After a series of blockbuster long-term clean energy deals, Canadian players in the power purchase agreement field say further growth is imminent, with corporate ESG policies and superior pricing driving demand.
A power purchase agreement (PPA) is a long-term contract between an energy buyer and a renewable energy project developer.
The buyer commits to a fixed price for energy to be produced by a renewable energy project that is yet to be built. In exchange, the buyer will receive renewable energy certificates to use toward environmental goals like greenhouse gas reduction.
Bullfrog advised Shopify on their PPA and signed its own PPA with Berkshire Hathaway Energy.
More recently, Potentia Renewables Inc. and Greengate Power Corporation announced a 15-year PPA with Microsoft to acquire energy from the Paintearth Wind Project LP. It is expected to generate 543 GW-h of renewable energy per year.
“(There’s) been really a growing demand for power purchase agreements . . . There’s such demand for really good renewable solutions and addressing climate change quickly, and this is an excellent path for companies to embark on to meet their goals because there’s a tangible way for them to make a difference,” said Suha Jethalal, president of Bullfrog Power.
The Microsoft PPA project
With the Paintearth Wind Project LP, Potentia owns a 75 per cent interest while Greengate holds the remaining 25 per cent. The wind project in Alberta will start construction and operations next year, and will sell a major portion of the output to Microsoft.
It is expected to offset a half tonne of carbon dioxide per mW-h.
Potentia started as a rooftop solar company and eventually grew into a utilities-scale business. Its notable projects include a 200 MW wind facility named the Golden South Wind Energy in Saskatchewan. It also has operations in Alberta, Nova Scotia, Ontario, and U.S. states Minnesota and Montana.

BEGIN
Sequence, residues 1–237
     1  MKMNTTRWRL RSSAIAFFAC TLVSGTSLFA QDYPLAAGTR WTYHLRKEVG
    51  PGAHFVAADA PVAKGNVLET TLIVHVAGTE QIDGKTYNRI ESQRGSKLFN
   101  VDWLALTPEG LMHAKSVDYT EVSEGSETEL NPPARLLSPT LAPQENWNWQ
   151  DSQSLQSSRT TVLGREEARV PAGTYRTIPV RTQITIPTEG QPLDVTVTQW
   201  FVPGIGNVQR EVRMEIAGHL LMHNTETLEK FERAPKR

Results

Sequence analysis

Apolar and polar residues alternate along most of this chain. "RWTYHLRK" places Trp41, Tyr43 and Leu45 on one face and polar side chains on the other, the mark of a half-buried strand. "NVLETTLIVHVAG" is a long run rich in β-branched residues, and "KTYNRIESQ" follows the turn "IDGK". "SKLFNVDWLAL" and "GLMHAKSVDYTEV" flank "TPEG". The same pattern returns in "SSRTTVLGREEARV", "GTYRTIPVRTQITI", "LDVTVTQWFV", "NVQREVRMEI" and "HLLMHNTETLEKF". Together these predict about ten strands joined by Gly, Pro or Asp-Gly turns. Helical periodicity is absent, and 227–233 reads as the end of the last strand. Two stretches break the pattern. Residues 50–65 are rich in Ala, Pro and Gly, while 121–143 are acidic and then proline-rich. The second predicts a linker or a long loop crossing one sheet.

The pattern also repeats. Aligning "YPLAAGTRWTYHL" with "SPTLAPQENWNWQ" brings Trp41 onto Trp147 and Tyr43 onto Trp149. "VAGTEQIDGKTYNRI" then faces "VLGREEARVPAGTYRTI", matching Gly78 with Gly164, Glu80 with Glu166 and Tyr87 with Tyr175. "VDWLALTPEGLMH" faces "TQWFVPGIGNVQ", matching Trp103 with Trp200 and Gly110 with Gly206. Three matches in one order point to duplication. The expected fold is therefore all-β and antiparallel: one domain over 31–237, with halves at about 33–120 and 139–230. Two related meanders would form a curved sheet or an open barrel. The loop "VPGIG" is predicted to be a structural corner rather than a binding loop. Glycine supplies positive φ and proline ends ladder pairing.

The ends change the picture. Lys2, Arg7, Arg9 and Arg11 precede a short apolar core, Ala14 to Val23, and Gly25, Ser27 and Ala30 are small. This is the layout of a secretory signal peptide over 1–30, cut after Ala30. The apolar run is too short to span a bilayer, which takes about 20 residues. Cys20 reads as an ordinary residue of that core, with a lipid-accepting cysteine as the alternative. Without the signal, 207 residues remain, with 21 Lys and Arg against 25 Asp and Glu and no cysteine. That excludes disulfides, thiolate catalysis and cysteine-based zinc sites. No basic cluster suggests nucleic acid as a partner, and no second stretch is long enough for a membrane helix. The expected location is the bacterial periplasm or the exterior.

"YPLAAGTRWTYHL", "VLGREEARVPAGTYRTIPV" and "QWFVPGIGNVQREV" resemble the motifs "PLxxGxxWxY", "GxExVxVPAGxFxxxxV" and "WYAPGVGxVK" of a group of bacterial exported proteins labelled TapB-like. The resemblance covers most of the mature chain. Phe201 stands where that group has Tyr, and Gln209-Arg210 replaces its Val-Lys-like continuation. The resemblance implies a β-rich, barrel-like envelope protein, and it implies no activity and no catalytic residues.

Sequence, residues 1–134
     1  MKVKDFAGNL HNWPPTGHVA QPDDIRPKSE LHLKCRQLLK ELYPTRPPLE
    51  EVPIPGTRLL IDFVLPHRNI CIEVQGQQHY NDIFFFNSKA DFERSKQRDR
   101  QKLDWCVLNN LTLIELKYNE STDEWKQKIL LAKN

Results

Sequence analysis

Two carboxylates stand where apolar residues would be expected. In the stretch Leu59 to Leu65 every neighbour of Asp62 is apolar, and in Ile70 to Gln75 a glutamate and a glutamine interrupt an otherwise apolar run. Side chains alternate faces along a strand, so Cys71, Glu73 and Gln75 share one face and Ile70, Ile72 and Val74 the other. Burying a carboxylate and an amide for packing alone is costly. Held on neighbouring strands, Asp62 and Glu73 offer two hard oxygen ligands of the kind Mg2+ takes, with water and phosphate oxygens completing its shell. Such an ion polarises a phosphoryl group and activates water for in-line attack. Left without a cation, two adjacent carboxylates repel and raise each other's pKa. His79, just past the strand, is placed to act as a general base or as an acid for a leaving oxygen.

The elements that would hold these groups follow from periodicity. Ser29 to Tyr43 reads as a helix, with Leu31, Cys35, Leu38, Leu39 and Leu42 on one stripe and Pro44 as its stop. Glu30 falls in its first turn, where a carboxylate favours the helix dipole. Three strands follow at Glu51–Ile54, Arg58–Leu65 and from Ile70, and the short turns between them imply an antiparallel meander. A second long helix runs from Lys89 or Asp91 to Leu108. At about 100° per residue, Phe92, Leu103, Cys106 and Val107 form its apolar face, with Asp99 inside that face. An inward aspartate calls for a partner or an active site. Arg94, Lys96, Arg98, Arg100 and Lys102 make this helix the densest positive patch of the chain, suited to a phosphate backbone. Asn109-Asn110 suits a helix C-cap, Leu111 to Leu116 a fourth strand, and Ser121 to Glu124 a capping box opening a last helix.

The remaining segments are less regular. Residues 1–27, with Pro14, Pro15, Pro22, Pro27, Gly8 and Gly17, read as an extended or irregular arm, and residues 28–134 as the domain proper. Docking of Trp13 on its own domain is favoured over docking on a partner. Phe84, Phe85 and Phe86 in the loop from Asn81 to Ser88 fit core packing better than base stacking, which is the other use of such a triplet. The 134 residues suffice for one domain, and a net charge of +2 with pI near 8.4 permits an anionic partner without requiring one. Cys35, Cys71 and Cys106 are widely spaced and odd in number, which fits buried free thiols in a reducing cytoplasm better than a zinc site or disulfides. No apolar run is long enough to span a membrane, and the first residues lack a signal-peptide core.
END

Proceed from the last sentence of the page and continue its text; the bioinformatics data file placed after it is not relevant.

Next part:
What is driving PPA adoption
Jethalal named “ambitious” corporate ESG goals and carbon reduction targets as a leading cause for the rise in the popularity of PPAs.
There is also a financial advantage as buyers "can be certain about their energy costs for that certain amount of usage for the time to come."
While PPAs have faced criticism for promising energy from a potentially inconsistent source like solar or wind, Jethalal said the PPAs can contract a percentage of production, versus the absolute amount. Developers can also make up any shortfall in different ways, and sometimes there is more production than anticipated.
“So you’re taking on financial risk, but there’s potential gain in taking on that risk.”
Ben Greenhouse, vice president of growth at Potentia, said with increases in carbon prices and renewables pricing decreasing, the value proposition is there for renewables.
“It doesn’t have to be an environmental ethos, it doesn’t necessarily have to be driven by carbon. Wind power in particular is the cheapest form of power in most jurisdictions.”
How to boost PPA adoption
In a press release, Bullfrog Power claims PPAs have exploded in growth. It says only 44 MW was contracted through PPAs in Canada before 2019. Now, Bullfrog says organizations have contracted 1,262 MW of PPAs.
Jethalal said there has been a “really big surge in interest,” estimating a tripling of the number of companies interested in PPAs compared to three months ago.
To further unlock PPAs across Canada, Jethalal said Bullfrog is looking for policy changes on a provincial level. She said Alberta is ahead of the curve on PPAs due to its more liberal regulatory environment compared to other provinces. Alberta allows developers to contract directly with a buyer.
Greenhouse argued the provincial monopolies controlling power generation and distribution outside of Alberta have constrained PPAs. Alberta is the only place where multiple people can sell into the grid, he added.
To ease the market for PPAs, he suggested a policy called ‘sleeving.’ An intermediary utility company transfers the funds and power between a renewable energy project on behalf of the buyer. The utility company is responsible for directing energy from the renewable project and ‘sleeving’ it to the buyer.
Greenhouse said this does not require a change in the provincial regulatory monopoly, as it allows the monopoly to facilitate the transactions.
With the fall economic update from the federal government promoting billions in clean energy and climate tech through investment tax credits, Greenhouse is optimistic it will boost his company’s business.
“We’re very excited about the growth of demand in Canada. We’re not focused solely on Canada, but we think the market here is so robust that we still have spent a lot of our time developing in Canada.”